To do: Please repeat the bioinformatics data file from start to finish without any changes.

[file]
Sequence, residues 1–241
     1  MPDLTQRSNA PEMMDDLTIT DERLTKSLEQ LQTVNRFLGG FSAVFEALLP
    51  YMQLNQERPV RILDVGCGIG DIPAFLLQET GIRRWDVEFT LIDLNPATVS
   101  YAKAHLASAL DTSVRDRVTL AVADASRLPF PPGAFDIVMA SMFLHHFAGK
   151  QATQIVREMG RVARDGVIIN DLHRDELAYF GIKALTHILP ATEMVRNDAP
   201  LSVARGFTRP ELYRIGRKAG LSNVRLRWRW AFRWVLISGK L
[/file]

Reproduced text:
Sequence, residues 1–241
     1  MPDLTQRSNA PEMMDDLTIT DERLTKSLEQ LQTVNRFLGG FSAVFEALLP
    51  YMQLNQERPV RILDVGCGIG DIPAFLLQET GIRRWDVEFT LIDLNPATVS
   101  YAKAHLASAL DTSVRDRVTL AVADASRLPF PPGAFDIVMA SMFLHHFAGK
   151  QATQIVREMG RVARDGVIIN DLHRDELAYF GIKALTHILP ATEMVRNDAP
   201  LSVARGFTRP ELYRIGRKAG LSNVRLRWRW AFRWVLISGK L